How Things Work: Auto-tune
You may not know it, but it’s on many of the songs that you hear. It is pretty hard for untrained ears to notice it, but it is very much there. For some artists, it is their claim to fame, while others pretend that they have never used it. Some listeners think that it is the best thing to happen to popular music, while some think it is the worst. Independent of public opinion, few technologies in the last 10 years have changed the music we listen to as much as it has. The technical term for it is pitch correction, but everyone knows it as Auto-Tune.
Auto-Tune is actually a piece of proprietary software made by Antares Software that was first released in 1997, and it has an interesting history. The founder of Antares (Andy Hildebrand) actually worked with Exxon to analyze seismic data for oil prospecting. This involved sending sound waves into the ground and listening for the reflections to determine the location of oil deposits and other regions of interest. Of course, the Earth’s crust is a messy and chaotic place, and making sense of the data required extensive analysis to extract useful information. Hildebrand found that many of the methods to do this could be applied to audio production as well.
What pitch correction software, like Auto-Tune, does is analyze and modify audio signals in a very specific way. According to Riccardo Schulz, associate teaching professor at the school of music here at Carnegie Mellon, pitch correction software is used to “fix up” vocal and other instrumental performances. You input the key and the scale that a song is in to provide a reference frame for the software. When the software receives an audio signal (someone’s voice, for example), it compares the pitch of the signal with the correct pitches for the given key and scale. If the pitch is off, it modifies the signal to move it to the correct pitch (hence pitch correction). It is not perfect, however. If the signal is so far off the mark that the nearest note on the scale is not the note you want, it will still shift to that wrong note, resulting in some awkward sounds. It also works better when the pitch is off by just a little bit, as large shifts tend to introduce noise and weird, artificial-sounding distortion.
It is important to note the difference between pitch shifting and pitch correction. The former involves shifting the frequency of the sound in one direction or the other to change its pitch. It is often done manually and has been around much longer than effective pitch correction software has. It is a highly general term that has many different implementations. Pitch correction is just one such implementation in which the pitch shifting is performed automatically (by the computer) and the shifting is used to reach the target pitch that the recording engineer wants. Schulz notes wryly that pitch correction is used for “recording and live performance, especially for singers who don’t sing in tune.” In recording studios, pitch correction is used to polish tracks and to gloss over any mistakes that the singer may have made. It provides a degree of consistency, which allows recording engineers to work more effectively. And yes, it is used to allow mediocre vocalists to sound “better” than they would. In live shows, it is used extensively to ensure that a sore throat or the stress of an overlong tour doesn’t reduce the quality of the performance. Many artists describe it as a sort of “safety net.”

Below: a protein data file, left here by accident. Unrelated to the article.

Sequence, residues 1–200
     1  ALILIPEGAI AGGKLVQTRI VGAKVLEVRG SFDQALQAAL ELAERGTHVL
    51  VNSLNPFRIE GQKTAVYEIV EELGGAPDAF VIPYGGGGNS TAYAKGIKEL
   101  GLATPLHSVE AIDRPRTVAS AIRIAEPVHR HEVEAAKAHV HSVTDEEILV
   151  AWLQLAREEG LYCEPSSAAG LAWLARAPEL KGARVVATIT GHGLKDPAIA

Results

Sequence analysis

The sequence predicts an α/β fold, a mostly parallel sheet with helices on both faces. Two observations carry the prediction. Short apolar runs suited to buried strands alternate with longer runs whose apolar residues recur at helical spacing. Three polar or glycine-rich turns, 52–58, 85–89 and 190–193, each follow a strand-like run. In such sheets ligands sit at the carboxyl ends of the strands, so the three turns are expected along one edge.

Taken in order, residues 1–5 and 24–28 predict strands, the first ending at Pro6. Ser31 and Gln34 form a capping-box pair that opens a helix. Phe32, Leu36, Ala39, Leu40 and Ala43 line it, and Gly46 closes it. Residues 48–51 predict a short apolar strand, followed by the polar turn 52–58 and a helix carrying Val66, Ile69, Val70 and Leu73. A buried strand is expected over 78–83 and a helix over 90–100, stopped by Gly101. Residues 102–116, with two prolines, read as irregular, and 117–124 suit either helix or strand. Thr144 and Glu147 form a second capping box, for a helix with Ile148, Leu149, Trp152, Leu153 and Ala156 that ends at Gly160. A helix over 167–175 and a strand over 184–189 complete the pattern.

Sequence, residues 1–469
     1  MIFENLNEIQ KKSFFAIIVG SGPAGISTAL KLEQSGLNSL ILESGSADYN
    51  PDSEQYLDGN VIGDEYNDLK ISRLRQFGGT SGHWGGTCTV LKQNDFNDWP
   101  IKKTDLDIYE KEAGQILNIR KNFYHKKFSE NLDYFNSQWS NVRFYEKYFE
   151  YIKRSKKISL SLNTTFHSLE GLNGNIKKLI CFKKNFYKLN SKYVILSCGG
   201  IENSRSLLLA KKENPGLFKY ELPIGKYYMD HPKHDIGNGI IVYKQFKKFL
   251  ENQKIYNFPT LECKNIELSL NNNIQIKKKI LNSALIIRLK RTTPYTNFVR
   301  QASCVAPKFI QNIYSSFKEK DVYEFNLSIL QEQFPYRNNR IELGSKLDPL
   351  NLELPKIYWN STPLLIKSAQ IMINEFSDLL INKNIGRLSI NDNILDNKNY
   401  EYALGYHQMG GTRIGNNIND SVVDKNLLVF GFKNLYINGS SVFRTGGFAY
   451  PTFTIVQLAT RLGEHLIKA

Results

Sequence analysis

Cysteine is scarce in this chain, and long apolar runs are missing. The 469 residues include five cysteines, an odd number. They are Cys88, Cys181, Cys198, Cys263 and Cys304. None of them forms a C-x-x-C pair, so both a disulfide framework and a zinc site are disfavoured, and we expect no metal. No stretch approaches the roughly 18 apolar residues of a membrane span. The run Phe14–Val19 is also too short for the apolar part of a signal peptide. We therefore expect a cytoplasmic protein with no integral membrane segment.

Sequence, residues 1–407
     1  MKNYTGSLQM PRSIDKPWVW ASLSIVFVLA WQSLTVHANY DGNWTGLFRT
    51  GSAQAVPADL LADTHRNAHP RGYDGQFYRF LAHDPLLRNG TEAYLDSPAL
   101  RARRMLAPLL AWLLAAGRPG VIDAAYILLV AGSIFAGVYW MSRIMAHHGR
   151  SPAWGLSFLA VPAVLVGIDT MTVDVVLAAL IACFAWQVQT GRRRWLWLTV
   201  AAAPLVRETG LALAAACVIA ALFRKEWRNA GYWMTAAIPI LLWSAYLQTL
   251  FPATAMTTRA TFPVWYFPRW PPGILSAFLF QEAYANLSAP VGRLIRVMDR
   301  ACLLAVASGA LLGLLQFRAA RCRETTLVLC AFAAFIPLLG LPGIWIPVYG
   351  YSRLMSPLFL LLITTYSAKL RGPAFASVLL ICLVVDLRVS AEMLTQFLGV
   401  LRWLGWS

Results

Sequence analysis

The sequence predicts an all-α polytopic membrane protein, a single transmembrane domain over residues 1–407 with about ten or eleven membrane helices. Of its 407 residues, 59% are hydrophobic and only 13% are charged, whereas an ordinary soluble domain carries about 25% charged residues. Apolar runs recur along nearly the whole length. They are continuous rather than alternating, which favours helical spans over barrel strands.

Schulz also points out that for many genres, such as hip-hip, pop, and rock, “the recording is part of the art.” Many producers and recording engineers take this to heart and use pitch correction as an instrument in itself. The most well-known of such producers is the artist T-Pain. Pitch correction and its more general use for pitch shifting can create new and innovative sonic textures. It can also be used to allow samples that are in different keys or even samples that aren’t musical enough to be used freely.
Many would claim that the use of pitch correction marginalizes the talent of singers by allowing anyone and everyone to belt out a pitch-perfect song. Indeed, we are all so used to hearing perfect voices on songs that we now expect nothing less, and that very expectation ensures that even talented vocalists are compelled to use pitch correction. The truth is that pitch correction cannot salvage truly horrible singers. It assists, rather than overshadows, most singers and allows them to make the songs that we, the listeners, demand.